And none of my 3 nodules has a halo around them ,and one of my small nodules is on my isthmus and is hypoechoic and my largest nodule is predominately solid and isoechoic the other two are mixed but more cystic than solid.
I have the excellent report by the AACE, Task Force On Thyroid Nodules and they mention that nodules that are taller than wider, hypoechoic and have an absent halo are ultrasound features that are commonly found with thyroid cancer and I have these features and this still concerns me. My former endo at The University of Pennsylvania Hospital sent me a letter telling me my nodules were read as officially non-suious.
Two radiologists from the university of Maryland,Dr. Fauzia Vandermeer, and Jade Wong-You-Cheong wrote in an excellent article called,Thyroid Nodules:When To Biopsy? in Applied Radiology Journal online March 2007, that although with 80% of thyroid cancers the halo is absent ,it may also be absent in more than 50% of benign nodules. So I was wondering since I have some of these ultrasound features can a benign biopsy result of all 3 of my really small nodules, be truly accurate anyway? I don't have any calification and not a lot of blood flow. And I know that as The American Cancer Society writes in their report on thyroid cancer,most benign and cancerous nodules look the same on ultrasound and they said thats why you can't tell by ultrasound alone if they are benign or cancer. And I also know that the benign and cancerous nodules can have features of each other.
My father who is 75 recently found out he has four small thyroid nodules some on each lobe and he had X-Ray therapy to treat acne as a teenager. He had a biopsy on just one of his small nodules in January and it came back a benign colloid nodule. One of my father's sister's daughter's at age 41 nine years ago had a thyroid nodule found by accident on an MRI she had because of head aches she was getting from a diet pill she was taking to lose weight after her second daughter was born. She had no thyroid conditions and her nodule was cold on a scan, she had an inconclusive biopsy and then half her thyroid removed and it was benign!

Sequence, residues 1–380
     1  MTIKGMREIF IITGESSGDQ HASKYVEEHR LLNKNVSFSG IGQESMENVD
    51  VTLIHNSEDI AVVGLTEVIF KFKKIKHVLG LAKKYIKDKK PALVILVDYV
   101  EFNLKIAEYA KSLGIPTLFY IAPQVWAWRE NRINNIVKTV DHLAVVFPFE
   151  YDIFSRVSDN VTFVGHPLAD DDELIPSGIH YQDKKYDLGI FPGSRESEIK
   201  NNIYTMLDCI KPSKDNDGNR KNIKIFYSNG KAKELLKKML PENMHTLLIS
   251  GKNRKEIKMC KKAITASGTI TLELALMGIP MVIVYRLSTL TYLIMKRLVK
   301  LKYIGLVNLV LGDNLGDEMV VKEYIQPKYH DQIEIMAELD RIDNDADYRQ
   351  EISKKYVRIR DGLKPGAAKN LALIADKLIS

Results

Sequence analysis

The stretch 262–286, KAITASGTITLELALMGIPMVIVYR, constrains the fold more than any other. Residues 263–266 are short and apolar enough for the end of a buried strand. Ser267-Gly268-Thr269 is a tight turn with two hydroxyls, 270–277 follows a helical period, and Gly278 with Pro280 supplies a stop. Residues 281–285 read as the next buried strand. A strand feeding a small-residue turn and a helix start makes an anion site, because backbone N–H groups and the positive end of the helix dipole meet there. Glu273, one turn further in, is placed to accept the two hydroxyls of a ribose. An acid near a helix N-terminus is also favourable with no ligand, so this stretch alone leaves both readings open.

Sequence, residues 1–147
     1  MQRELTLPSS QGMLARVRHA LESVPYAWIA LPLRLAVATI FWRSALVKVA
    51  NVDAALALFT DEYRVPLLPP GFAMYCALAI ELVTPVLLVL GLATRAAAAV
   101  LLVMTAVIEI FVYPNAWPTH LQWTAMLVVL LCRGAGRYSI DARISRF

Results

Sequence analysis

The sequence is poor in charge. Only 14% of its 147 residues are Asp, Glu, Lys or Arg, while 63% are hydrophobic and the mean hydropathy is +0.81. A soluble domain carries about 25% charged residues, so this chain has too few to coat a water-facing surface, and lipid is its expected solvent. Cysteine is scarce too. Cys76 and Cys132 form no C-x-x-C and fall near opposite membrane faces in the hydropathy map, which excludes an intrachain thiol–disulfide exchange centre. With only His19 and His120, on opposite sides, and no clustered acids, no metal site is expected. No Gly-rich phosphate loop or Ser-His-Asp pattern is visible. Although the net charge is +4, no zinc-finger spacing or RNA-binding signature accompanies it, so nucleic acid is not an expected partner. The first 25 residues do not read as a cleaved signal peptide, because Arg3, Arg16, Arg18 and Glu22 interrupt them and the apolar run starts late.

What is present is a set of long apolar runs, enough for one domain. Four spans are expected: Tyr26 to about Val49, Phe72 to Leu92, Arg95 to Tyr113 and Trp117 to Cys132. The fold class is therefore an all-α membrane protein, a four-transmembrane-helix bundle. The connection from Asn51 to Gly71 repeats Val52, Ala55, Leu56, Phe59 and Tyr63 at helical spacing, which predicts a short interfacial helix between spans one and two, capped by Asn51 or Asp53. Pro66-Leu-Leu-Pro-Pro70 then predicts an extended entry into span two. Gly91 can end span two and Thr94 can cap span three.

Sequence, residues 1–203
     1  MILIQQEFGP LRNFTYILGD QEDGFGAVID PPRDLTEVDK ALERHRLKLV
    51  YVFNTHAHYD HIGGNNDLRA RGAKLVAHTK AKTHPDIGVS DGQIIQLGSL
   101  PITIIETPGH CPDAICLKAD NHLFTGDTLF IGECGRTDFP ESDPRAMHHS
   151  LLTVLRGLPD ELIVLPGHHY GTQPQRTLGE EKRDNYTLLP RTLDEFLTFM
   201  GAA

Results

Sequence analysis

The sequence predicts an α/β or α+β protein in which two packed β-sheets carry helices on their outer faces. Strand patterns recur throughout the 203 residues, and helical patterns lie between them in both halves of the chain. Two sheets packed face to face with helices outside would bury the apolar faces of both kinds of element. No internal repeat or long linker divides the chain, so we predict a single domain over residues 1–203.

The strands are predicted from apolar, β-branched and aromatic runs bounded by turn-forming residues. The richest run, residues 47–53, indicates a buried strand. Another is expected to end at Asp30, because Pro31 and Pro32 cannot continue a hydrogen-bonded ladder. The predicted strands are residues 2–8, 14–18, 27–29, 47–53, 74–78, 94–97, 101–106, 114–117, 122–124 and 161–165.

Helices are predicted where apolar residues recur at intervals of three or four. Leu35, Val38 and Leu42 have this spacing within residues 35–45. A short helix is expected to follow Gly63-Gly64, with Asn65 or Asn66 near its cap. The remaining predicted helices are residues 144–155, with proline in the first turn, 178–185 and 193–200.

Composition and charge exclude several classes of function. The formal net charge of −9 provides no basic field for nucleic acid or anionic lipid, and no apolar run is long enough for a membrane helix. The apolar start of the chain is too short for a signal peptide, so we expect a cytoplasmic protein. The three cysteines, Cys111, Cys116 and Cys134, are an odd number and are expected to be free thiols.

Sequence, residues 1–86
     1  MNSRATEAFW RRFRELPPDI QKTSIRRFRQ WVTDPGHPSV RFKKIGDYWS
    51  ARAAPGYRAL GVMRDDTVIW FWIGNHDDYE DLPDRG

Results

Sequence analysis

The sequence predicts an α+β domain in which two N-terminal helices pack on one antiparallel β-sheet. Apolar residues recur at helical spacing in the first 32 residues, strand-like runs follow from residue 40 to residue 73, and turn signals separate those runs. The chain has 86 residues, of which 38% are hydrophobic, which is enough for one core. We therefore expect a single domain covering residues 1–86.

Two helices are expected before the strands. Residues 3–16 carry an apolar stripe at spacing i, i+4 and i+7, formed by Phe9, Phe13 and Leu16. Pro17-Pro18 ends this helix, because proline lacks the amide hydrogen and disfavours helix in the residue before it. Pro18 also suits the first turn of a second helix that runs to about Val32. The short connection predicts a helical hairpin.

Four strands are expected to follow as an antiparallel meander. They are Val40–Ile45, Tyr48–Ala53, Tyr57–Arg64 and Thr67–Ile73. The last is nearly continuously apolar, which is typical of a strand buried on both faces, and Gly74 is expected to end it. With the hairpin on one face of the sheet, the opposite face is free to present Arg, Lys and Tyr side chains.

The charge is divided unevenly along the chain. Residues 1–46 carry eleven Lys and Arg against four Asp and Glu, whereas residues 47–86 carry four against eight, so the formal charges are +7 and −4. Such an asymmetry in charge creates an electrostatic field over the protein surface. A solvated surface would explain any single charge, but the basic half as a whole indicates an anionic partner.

I know that benign thyroid nodules can run in families but so can papillary thyroid cancer sometimes, so if my father's biopsy of his nodule is inaccurate or if it was accurate but his other nodules he didn't have biopsied are cancer, it would increase my chances and likelihood of having it too. And is it true that starting at age 45 thyroid cancer isn't as treatable? I'll be 44 in April and I'm concerned since most thyroid cancers grow so slowly that I'll be older than 45 by the time I'm diagnosed.
I have spoken with 5 thyroid cancer survivors, and had emails back from about 5 and I communicated with survivors on thyroid health boards and many of them were older than me when they were diagnosed and are OK now but everyone is different and thats what worries me. I didn't want to wait until I was 45 or 50 to have a biopsy and my nodules if they are cancer could stay this same size for the next 5 or 8 years and then I would be stage 2 !
I would really appreciate your reply.